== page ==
The broad measures of the US dollar are trending higher, and former Fed Chair Bernanke recently refuted claims the US was engaged in a currency war. Many observers had thought that with its unprecedented asset-purchase program, the BOJ was engaged in a currency war. However, the yen has been the strongest major currency over the past six months, and its export volumes are contracting on a year-over-year basis.
Not to worry. Observers who seem almost to have a pathological predisposition to see currency wars at every turn, are settling on a new candidate: China. Chinese officials engineered a lower yuan in August. This unsettled global capital markets. Chinese officials seemed to pull back, allowing the yuan to move broadly sideways in September and October. The yuan began to drift lower again in November, and after being accepted by the IMF for inclusion in the SDR, the pace of decline accelerated. Its losses were extended at the start of the New Year.
There are several problems with accusing China of a “currency war” tactics. At the bare minimum one needs to show that a currency has in fact weakened. And that weakness cannot simply be on a bilateral basis against a one or even a few currencies. Here is a chart of the BIS’s real (adjusted for inflation) trade-weighted measure of the yuan. It was last updated in November. Despite the summer gyrations against the dollar, the BIS index was made new highs in November.
Since the low in 2004, six months before the peg to the dollar was loosened, the yuan appreciated by 60% on a real broad trade-weighted basis according to the BIS measure. It appreciated 13.5% from the mid-2014 low to the November 2015 high.
It is possible that the inflation differential skews the results. The BIS tracks a nominal effective exchange rate for the yuan as well. It has performed similarly. It appreciated 52.3% from the low recorded in 2005. It rose nearly 13% since the low near mid-2014 through this past November.
To see what how the yuan has performed since November, we have to turn to private sector estimates. Bloomberg makes available Westpac’s measure of the yuan’s real and effective exchange rate. The inflation-adjusted (real) measure rose 53.3% since the 2005 low and 13% from the 2014 low. The nominal measure from 50.2% since 2005 and about 15% from the 2014 low. This is cited to show that the private sector measure is a reasonably close approximation of the BIS measures.
Since latest data point from the BIS through last Friday, the Westpac nominal effective yuan index weakened by 2.5%. The real effective index has weakened by 1%. While this is a decline, it is not significant and cannot be fairly said to be a shot in the currency war.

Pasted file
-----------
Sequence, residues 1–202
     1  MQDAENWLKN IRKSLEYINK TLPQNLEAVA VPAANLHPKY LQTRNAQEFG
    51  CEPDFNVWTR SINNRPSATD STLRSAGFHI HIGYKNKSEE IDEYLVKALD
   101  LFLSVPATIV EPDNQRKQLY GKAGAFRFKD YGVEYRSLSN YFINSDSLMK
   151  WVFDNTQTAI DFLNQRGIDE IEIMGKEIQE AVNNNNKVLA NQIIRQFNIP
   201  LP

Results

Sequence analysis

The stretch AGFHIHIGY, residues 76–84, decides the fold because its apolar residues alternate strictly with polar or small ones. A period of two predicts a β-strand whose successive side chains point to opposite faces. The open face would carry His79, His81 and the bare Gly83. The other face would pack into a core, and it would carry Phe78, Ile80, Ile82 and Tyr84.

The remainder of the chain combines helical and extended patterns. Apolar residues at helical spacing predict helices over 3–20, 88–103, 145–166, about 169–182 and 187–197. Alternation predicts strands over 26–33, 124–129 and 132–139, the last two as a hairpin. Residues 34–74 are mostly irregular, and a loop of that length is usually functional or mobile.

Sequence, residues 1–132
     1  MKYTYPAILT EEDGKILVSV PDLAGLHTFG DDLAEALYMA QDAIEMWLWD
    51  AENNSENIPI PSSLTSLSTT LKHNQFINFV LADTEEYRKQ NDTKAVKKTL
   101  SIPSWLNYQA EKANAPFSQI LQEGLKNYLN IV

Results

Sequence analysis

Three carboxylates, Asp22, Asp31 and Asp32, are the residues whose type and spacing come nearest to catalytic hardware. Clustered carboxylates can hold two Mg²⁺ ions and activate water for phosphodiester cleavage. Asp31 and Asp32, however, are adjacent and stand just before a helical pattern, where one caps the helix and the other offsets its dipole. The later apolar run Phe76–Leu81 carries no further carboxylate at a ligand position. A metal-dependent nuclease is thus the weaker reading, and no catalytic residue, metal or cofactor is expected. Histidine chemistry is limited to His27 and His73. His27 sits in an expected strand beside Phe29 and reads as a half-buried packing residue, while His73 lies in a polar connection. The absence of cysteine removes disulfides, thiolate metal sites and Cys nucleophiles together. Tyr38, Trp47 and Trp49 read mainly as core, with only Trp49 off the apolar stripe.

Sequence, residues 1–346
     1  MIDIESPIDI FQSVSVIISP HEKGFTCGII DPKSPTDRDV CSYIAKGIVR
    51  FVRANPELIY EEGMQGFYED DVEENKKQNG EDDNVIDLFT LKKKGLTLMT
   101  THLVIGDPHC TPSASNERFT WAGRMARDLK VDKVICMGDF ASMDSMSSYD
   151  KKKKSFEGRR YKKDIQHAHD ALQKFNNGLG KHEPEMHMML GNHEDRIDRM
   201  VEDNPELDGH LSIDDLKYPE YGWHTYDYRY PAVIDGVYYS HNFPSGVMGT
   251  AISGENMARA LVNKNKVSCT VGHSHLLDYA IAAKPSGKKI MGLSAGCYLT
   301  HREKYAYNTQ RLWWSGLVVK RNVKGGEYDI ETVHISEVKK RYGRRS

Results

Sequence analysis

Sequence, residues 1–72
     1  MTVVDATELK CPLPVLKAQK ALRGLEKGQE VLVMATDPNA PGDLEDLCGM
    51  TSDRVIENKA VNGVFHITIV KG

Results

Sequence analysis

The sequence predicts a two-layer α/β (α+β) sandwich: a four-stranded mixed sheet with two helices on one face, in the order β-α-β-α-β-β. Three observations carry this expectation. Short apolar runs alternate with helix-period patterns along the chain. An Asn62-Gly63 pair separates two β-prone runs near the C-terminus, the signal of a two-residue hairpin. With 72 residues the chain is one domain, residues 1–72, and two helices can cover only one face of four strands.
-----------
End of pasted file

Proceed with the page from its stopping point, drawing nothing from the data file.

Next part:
China has not allowed market forces to take the yuan as low as could have been the case. We note that the PBOC reported a record $108 bln decline in reserves in December. Given that the euro and yen appreciated against the dollar that last month, one would have expected the value of China’s reserves to have risen, all else being equal. Far from driving the yuan lower, Chinese officials used some of the reserves it accumulated to slow the yuan’s decline.
In addition to a weaker currency, a currency war is about boosting exports. Chinese exports contracted nearly every month last year on a year-over-year basis. The December report will be released later this week. The Bloomberg consensus expects a 4.1% contraction after a 3.7% decline in November. It would be the largest decline since last August.
One can accept the realist view of international relations based on competition between nation-states, without having to accept the currency war claims. We have suggested that it is a bit like an arms control agreement. Countries who sign on to such agreements forswear development and/or deployment of some types of weapon systems. Similarly, under best practices as evolved from the G7 and G20, countries have agreed to accept or more toward market-driven exchange rates.
Every time a country ease monetary policy to help reflate its domestic economy, and its currency falls, it cannot be fairly accused of pursuing beggar-thy-neighbor policies. In fact, under the best practices, governments are encouraged to use interest rate tools rather than manipulate the exchange rate. There is an important difference between the two, even though some purists may see both as government interference.
Manipulating exchange rates is a zero-sum exercise. A country driving down the exchange rate to boost exports borrows or steals the aggregate demand of another country. There are few defenses outside of a competitive devaluation in response, and hence the risk of a downward spiral. On the other hand, cutting interest rates is not zero-sum. It can help facilitate an increase in domestic demand, some of which may be for foreign goods and services. Other countries can respond by cutting their own interest rates, providing additional financial support for new economic activity.
To be sure, China could be engaging in a currency war, but the case for this has not been established by the accusers. The currency has hardly weakened. Chinese officials are trying to stem its depreciation that cost it more than $100 bln last month. It exports are not rising but still contracting. Some appear to be using this currency war meme far too casually. It is a powerful accusation that needs weighty evidence than has been provided. We need to stay alert for it as the consequences are grave. So we cannot afford to grow insensitive, even though the boy has cried wolf many times.